Responsibility rests with Patrick
Kathleen Conley Norbut is president of
United to Stop Slots in Massachusetts.
was the Massachusetts Attorney General from 1991 to 1999.
Last week on Beacon Hill, a handful of reporters were joined by a few state representatives and a state senator with the temerity to practice democracy. The group sought to observe negotiations of the House and Senate conference committee on casino gambling. The senator, reps and media were summarily ejected by the bipartisan committee that now holds the future of the Commonwealth in its hands. It was just the latest insult in a flawed legislative process over legalizing casinos that will come to some type of conclusion in the next two weeks.
We question why the Legislature has refused to calculate the inherent costs that accompany legalizing expanded predatory gambling. These are major fiscal and public policy decisions that have not been vetted with a balanced, independent review. It is unfortunate that proponents have hidden behind the cry for desperately needed jobs and revenues as their justification for these mistaken and costly ventures without ensuring that essential public protections are in place, without up-to-date, objective, hard economic and job data, and without recognizing the real costs, the inflated promises, and the impact of the gambling industry’s political influences on Beacon Hill. Citizens have seen their voices muted by the drumbeat of special interests and the lobbyist proliferation in the State House since Gov. Deval Patrick announced his support for casinos three years ago.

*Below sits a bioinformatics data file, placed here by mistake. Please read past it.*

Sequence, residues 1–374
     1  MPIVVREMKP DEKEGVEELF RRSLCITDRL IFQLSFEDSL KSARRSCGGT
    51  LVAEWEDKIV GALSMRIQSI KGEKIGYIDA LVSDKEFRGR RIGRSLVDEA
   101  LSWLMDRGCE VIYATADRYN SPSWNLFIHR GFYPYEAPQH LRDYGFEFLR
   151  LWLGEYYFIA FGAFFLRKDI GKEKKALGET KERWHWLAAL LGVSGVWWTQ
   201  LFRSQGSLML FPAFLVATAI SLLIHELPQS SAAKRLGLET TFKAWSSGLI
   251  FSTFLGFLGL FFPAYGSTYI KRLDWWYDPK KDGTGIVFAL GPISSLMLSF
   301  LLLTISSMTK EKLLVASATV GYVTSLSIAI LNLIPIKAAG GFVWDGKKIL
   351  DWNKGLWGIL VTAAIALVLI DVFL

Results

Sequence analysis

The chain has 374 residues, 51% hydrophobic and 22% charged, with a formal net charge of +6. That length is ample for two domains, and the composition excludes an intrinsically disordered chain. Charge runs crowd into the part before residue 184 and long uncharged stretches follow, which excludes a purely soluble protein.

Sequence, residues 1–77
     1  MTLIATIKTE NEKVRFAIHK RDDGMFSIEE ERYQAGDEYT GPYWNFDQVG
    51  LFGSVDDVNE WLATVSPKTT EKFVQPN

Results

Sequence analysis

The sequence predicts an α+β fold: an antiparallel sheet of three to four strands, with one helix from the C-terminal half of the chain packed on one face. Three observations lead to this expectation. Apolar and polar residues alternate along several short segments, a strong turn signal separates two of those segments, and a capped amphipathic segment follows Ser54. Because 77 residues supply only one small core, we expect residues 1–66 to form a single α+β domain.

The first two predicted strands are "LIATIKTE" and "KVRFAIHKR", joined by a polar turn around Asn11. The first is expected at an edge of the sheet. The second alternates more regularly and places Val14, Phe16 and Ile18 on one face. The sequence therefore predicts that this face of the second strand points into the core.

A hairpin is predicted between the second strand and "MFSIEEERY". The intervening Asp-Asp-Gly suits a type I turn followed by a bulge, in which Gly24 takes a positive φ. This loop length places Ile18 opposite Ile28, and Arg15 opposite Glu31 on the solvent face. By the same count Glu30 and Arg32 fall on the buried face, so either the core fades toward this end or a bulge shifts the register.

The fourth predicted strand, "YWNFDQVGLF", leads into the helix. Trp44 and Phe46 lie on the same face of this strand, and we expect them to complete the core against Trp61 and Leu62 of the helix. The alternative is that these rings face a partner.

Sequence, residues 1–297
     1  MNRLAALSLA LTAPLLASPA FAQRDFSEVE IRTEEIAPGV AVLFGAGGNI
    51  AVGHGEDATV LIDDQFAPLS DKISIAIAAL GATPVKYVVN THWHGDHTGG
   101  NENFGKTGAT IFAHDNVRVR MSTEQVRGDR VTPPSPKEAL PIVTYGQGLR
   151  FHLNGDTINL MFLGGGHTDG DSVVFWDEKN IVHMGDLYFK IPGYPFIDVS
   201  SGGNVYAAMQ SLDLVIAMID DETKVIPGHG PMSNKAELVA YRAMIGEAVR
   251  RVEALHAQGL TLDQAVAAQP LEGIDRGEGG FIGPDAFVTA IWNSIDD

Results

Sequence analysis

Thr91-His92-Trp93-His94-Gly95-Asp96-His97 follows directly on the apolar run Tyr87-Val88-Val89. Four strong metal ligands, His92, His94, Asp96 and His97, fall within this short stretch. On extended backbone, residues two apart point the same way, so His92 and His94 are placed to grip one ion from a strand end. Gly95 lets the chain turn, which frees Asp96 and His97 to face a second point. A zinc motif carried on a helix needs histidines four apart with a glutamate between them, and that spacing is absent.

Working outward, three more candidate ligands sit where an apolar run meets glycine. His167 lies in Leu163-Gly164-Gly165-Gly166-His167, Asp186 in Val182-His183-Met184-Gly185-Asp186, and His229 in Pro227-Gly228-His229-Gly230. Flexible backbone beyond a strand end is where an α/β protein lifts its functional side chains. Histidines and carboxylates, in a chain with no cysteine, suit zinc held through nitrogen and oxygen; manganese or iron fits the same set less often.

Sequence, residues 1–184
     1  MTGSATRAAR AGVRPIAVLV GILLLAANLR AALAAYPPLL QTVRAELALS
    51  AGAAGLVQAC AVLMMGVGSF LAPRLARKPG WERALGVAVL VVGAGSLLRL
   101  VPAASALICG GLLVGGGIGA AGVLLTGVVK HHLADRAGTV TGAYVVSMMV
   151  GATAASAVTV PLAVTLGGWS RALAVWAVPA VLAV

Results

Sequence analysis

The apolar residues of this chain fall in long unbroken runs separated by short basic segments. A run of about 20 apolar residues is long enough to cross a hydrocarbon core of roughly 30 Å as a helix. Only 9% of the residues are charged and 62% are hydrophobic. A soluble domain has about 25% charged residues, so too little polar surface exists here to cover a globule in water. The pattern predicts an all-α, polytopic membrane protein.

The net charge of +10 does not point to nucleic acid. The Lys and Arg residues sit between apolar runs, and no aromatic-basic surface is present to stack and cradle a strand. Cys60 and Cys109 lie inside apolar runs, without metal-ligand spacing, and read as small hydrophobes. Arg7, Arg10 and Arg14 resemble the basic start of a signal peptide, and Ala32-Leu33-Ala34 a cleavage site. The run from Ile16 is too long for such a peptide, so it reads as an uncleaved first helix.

Still, we think the best hope for the realization that this casino bill, at this time, is truly a bad bet for Massachusetts lies with Gov. Patrick.
That is why we joined with other distinguished Massachusetts business leaders, clergy and activists in writing directly to the governor last Thursday to implore him to immediately appoint an independent commission to examine the full range of costs that will be incurred if we allow casinos or to veto whatever bill the Legislature sends him. This appeal, which has so far met with silence from our governor, is based on his request in December for a “fresh, independent and transparent analysis of the benefits and costs of expanded gaming.”
The Legislature has performed no such study and has gone out of its way to circumvent this basic fiduciary responsibility. In short, under the pressure of leadership, the House and Senate have failed to do their homework.
We realize it may seem like casinos have been studied and debated ad nauseam, but, as with any economic development initiative, the success or failure of a proposal is not a static thing. The casino market, like all other segments of the economy, is extremely volatile, with deep losses in revenues, jobs, and a crippled ability to finance capital projects. That makes it imperative for, as the governor suggested, an updated benefits and cost review based on current market data.
Instead, the House – in a study funded by campaign contributions to Speaker Robert DeLeo, the chief backer of highly addictive slot machines – updated a benefits-only analysis from a prominent casino industry analyst group, not an independent group. The Senate spent $80,000 in taxpayer money to hire a group with deep ties to the casino industry and asked it only to “justify” the benefits of the bill, again deliberately avoiding public exposure of the costs.